Big Ears is this weekend. If the international avant-garde festival that traffics in minimalist and ambient music doesn’t seem to have any bearing on Knoxville itself, well, you may need to get to know Knoxville a little better.
First, there are precedents, of sorts, in Knoxville for Big Ears. The sometimes-extravagant spring Music Festival of the 1880s and ‘90s was an international opera festival with occasional surprises.
In 1883, one of those surprises, in the old Opera House in May, 1883, was something most people had never seen on an actual stage before: country musicians. Fiddlers, to be specific. Was it the first country-music “concert” in history? We don’t know of an older one. And this year, Big Ears is featuring some Southern Appalachian music, with some big names in innovative bluegrass like Bela Fleck, Abigail Washburn, and Jerry Douglas, was well as some fiddling in Market Square, which hosted fiddling conventions well over a century ago.
Knoxville has been associated with musical innovation for more than a century—from the days of Bertha Wilburn Clark, who as early as the 1920s was striving to launch the most durable symphony orchestra in the history of the South--to Roy Acuff, who in the 1930s was adding a new reckless attitude to country music, as well as an instrument no one had every experienced before, called the Dobro—to Knoxville natives Brownie McGhee and his brother, Stick--to the Everly Brothers, who lived in Knoxville just a few years in the mid-1950s, but during that time were experimenting with adding harmony to the new phenomenon called rock’n’roll.
Finally, one of the things that makes Big Ears stand out--music journalists from all over the world seem to agree--is Knoxville’s array of great venues within a short walking distance of each other. Big Ears takes place mostly in historic buildings, from the 1909 vaudeville house known as the Bijou Theatre (if we don’t count Nashville’s Ryman, which was intended to be a church, the Bijou may be Tennessee’s oldest theater)—to the 1928 “motion-picture palace” known as the Tennessee Theatre. Can you think of another city of under one million that maintains two historic theaters two blocks away from each other?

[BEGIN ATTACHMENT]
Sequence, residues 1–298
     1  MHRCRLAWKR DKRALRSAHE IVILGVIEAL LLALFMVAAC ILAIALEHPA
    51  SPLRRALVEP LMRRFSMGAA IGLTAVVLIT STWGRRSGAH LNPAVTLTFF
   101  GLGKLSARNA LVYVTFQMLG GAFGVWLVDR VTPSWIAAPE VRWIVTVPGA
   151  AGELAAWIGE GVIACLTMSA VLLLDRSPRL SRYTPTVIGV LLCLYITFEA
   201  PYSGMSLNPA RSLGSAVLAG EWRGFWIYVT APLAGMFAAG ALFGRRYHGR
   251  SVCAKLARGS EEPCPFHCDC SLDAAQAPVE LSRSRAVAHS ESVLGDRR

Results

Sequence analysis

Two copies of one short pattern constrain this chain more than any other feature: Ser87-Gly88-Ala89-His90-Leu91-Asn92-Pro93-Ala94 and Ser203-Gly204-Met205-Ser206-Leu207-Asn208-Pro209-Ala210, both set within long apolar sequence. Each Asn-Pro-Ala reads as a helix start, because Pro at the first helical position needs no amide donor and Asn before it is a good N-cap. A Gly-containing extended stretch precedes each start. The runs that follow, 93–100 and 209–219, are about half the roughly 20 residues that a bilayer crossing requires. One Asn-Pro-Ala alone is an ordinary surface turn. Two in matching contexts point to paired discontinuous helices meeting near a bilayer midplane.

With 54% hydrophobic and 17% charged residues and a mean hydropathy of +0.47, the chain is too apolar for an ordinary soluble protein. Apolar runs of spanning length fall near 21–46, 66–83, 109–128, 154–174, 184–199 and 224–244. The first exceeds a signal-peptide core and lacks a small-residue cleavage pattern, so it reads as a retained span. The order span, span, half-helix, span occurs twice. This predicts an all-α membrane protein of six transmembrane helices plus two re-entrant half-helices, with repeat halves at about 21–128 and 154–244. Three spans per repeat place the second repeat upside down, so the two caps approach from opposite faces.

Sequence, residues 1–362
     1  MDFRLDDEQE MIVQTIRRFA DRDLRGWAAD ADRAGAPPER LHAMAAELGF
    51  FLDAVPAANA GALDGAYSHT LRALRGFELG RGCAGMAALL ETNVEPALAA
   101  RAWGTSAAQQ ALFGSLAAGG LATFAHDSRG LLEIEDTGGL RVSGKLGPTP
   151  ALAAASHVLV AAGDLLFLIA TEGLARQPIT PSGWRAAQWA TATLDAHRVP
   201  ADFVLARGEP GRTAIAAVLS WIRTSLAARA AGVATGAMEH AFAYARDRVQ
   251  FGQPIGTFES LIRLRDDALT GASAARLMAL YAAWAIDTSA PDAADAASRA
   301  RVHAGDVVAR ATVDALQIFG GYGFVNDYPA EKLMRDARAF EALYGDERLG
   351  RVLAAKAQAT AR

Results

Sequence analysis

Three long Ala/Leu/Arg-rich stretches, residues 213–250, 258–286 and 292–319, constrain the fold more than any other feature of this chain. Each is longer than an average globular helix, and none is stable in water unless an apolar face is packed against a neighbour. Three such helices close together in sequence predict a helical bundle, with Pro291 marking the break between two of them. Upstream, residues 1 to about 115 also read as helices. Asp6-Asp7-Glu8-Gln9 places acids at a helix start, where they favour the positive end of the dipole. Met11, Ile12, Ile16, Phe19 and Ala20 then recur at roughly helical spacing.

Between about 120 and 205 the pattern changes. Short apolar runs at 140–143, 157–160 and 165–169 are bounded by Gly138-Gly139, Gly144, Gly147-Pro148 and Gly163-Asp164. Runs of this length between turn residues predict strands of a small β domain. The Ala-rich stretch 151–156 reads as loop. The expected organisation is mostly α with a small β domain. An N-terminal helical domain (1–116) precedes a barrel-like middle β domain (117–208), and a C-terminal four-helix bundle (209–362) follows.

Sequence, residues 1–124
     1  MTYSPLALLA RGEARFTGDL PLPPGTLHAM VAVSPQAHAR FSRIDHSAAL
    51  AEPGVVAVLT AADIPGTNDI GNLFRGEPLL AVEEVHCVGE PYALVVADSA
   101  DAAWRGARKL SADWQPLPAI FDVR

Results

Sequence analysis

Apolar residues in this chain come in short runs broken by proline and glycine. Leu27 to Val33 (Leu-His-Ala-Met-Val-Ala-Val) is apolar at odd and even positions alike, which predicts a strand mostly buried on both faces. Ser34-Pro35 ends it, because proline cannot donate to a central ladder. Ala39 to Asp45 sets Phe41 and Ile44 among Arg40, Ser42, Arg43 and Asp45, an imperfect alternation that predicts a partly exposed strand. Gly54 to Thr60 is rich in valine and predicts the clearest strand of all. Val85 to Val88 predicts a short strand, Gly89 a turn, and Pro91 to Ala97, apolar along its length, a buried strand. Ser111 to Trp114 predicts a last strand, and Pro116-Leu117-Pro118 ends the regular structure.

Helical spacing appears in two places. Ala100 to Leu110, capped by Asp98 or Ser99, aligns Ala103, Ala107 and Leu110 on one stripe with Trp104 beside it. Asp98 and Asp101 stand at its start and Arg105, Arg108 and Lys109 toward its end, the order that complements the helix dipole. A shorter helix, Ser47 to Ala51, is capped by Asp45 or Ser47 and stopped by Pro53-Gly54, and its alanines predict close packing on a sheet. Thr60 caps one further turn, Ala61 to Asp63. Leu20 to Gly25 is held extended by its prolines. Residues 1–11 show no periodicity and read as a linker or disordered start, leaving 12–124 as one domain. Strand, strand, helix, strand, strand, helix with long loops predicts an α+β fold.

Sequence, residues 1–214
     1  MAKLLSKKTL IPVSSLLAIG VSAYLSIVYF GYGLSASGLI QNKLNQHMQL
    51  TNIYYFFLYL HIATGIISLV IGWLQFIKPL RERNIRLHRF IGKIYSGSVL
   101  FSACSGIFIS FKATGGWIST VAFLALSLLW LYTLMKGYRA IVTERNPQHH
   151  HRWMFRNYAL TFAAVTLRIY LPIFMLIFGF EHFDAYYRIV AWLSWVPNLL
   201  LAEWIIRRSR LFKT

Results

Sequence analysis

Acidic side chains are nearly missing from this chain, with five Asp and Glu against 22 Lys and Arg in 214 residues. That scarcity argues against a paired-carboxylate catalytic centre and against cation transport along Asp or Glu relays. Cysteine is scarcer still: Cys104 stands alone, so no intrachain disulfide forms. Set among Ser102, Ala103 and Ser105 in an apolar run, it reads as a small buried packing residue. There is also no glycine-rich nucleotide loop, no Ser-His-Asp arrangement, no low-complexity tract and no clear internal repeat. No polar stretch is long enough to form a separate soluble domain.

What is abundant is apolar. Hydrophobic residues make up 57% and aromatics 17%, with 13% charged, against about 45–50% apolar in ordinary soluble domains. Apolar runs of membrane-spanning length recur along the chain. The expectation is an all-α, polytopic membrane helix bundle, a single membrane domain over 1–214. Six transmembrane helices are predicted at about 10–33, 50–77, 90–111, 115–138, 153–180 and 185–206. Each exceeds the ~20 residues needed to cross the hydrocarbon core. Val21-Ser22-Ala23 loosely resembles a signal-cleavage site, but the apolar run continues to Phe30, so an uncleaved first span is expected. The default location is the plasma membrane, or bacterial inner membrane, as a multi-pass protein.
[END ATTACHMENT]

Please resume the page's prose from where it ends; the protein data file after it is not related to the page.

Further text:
In addition, most of Big Ears’ smaller venues are in historic old buildings, like St. John’s Cathedral (probably the oldest venue, dating to 1892), and rehabbed spaces in several old industrial and commercial buildings like the Standard, the Mill & Mine, the Jig & Reel, UT’s Downtown Gallery, and the Pilot Light. All of these venues witnessing groundbreaking new 21st-century music this weekend are more than 80 years old. (Even Visit Knoxville’s modern-looking headquarters, serving as one of the smaller venues this year, is an a pretty old structure.)
These old brick buildings have been here all along. We just didn’t know they’d ever be as famous as they are today.